Disgusted with spending more than an hour yesterday trying to get to the government before today, a second lobby trip was made at about 4:40 p.m. yesterday. (One letter in question was evidently in error.) While exactly how old someone is can be arguable, as one does exist before one is born, the accepted definition is someone’s day of birth. The very idea of getting to three-quarters of a century and spending time then trying to talk with someone in government is not yours truly’s idea of any kind of a birthday celebration.
It was cloudy, overcoat weather outside, and the thought that came was, “Was it this cloudy and cold that Sunday morning in 1936?” It might be something to look up sometime, not that it matters today. One of the things to disturb the meditative moment was departing staff. It must have been exactly 4:45 p.m. when the maintenance men marched out with the vim of people happily leaving. Not just them, but the cleaning lady, although at the lobby telephone, also had a coat on as if to leave. The office staff wasn’t there yet.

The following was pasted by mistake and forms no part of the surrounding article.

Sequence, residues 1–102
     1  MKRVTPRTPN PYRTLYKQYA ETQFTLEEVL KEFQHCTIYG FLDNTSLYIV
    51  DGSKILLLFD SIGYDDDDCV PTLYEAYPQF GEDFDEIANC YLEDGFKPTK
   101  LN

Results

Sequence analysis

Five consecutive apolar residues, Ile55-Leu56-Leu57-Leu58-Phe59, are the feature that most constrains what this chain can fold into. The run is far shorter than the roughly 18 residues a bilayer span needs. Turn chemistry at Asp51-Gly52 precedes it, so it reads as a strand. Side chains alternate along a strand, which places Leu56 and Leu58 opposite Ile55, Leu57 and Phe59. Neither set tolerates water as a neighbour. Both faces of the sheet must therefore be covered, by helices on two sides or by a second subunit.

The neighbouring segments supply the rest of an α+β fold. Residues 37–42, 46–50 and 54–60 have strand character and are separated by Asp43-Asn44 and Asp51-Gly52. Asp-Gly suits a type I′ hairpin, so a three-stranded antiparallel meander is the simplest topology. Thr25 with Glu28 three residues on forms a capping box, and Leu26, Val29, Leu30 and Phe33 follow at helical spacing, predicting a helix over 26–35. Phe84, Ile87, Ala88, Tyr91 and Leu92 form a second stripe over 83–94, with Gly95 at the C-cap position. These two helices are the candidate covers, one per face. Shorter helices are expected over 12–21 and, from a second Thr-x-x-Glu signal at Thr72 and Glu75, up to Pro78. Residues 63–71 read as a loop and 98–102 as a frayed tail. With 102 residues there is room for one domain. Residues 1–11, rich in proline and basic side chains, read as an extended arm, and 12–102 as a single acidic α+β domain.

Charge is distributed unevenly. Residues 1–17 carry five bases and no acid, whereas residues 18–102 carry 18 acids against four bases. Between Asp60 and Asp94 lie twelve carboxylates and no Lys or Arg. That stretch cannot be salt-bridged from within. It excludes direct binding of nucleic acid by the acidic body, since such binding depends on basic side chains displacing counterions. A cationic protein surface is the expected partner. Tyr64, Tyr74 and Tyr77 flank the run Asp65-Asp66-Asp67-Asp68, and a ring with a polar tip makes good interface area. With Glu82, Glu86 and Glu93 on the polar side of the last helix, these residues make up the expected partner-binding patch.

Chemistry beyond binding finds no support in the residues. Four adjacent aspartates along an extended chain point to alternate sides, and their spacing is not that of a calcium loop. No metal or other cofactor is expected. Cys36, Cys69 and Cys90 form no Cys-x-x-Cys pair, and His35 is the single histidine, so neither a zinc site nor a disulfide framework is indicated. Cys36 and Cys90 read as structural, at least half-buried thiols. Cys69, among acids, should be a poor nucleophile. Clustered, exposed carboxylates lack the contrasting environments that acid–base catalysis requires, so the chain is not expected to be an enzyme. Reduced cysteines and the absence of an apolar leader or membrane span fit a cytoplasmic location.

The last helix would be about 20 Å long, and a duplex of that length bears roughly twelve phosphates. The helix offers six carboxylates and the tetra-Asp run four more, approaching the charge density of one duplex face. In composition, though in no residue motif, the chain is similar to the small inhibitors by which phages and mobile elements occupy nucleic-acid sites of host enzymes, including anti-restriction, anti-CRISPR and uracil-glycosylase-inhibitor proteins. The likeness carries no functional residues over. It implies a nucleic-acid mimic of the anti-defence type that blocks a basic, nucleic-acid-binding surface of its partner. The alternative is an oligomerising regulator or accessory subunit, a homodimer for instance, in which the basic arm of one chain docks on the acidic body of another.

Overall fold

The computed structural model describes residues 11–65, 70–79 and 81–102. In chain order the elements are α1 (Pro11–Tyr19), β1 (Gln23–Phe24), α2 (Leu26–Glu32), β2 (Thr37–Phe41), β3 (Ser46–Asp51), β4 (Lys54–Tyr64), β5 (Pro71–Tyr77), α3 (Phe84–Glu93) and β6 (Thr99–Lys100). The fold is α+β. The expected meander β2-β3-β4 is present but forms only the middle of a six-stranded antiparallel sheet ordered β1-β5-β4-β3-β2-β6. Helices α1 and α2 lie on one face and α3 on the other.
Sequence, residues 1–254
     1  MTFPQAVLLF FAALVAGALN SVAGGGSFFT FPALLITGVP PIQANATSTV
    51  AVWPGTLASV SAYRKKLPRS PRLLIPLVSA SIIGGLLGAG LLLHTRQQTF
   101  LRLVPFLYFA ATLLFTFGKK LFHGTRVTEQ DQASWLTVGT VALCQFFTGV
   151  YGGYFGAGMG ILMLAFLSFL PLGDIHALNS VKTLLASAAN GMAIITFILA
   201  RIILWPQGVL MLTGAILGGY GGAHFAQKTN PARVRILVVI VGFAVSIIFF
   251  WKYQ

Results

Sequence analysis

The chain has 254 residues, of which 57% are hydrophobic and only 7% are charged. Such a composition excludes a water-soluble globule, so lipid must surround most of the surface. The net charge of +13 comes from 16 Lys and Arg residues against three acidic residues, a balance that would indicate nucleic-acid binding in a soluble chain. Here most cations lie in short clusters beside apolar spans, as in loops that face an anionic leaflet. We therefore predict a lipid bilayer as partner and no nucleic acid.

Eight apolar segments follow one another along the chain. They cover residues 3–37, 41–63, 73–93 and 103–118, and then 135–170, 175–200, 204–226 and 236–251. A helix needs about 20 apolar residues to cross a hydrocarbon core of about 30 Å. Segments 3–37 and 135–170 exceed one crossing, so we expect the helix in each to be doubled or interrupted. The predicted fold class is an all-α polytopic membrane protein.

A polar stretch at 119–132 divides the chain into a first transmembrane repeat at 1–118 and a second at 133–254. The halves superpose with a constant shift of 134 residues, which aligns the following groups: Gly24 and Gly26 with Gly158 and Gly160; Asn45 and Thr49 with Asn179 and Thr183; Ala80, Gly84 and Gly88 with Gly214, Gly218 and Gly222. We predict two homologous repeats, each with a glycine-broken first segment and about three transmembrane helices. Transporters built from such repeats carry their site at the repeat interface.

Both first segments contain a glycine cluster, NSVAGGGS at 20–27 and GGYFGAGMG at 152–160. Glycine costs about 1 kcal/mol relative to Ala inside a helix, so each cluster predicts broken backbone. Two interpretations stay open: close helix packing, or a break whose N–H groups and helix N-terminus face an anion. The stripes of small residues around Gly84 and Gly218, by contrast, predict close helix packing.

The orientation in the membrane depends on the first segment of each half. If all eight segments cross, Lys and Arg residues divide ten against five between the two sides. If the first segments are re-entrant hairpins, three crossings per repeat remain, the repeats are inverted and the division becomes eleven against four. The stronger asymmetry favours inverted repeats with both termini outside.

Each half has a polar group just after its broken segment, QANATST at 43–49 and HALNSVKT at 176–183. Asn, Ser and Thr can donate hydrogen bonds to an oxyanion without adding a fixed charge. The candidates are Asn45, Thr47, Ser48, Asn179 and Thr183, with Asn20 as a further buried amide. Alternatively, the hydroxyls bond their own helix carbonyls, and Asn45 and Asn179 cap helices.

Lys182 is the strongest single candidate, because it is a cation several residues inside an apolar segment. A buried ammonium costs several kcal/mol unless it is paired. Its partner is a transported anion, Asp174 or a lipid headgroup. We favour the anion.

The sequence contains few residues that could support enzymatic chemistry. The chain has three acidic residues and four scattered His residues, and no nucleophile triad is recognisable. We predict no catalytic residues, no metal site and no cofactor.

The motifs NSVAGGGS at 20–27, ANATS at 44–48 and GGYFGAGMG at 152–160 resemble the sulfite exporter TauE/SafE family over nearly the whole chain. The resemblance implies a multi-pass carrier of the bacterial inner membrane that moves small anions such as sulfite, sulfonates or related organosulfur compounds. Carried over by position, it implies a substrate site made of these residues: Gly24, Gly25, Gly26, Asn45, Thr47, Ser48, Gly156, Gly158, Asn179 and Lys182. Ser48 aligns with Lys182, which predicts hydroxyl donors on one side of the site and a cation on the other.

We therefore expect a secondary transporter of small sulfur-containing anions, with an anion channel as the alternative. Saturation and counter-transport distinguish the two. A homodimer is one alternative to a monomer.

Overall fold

As mentioned at least once, the young people holding the place in operation leave, and a collection of wobbly old souls, rather like a nest of inmates, get along as possible until the staff (or emergency) shows up again. The place is somewhat institutional anyway; once the staff leaves, in a way it is more so. Once back upstairs with the string of doors in view, the thought became more pronounced. It’s a bad preliminary anytime. The day itself was little more than a run back and forth for computer connection to read “Happy Birthday.”
There are no special days at times.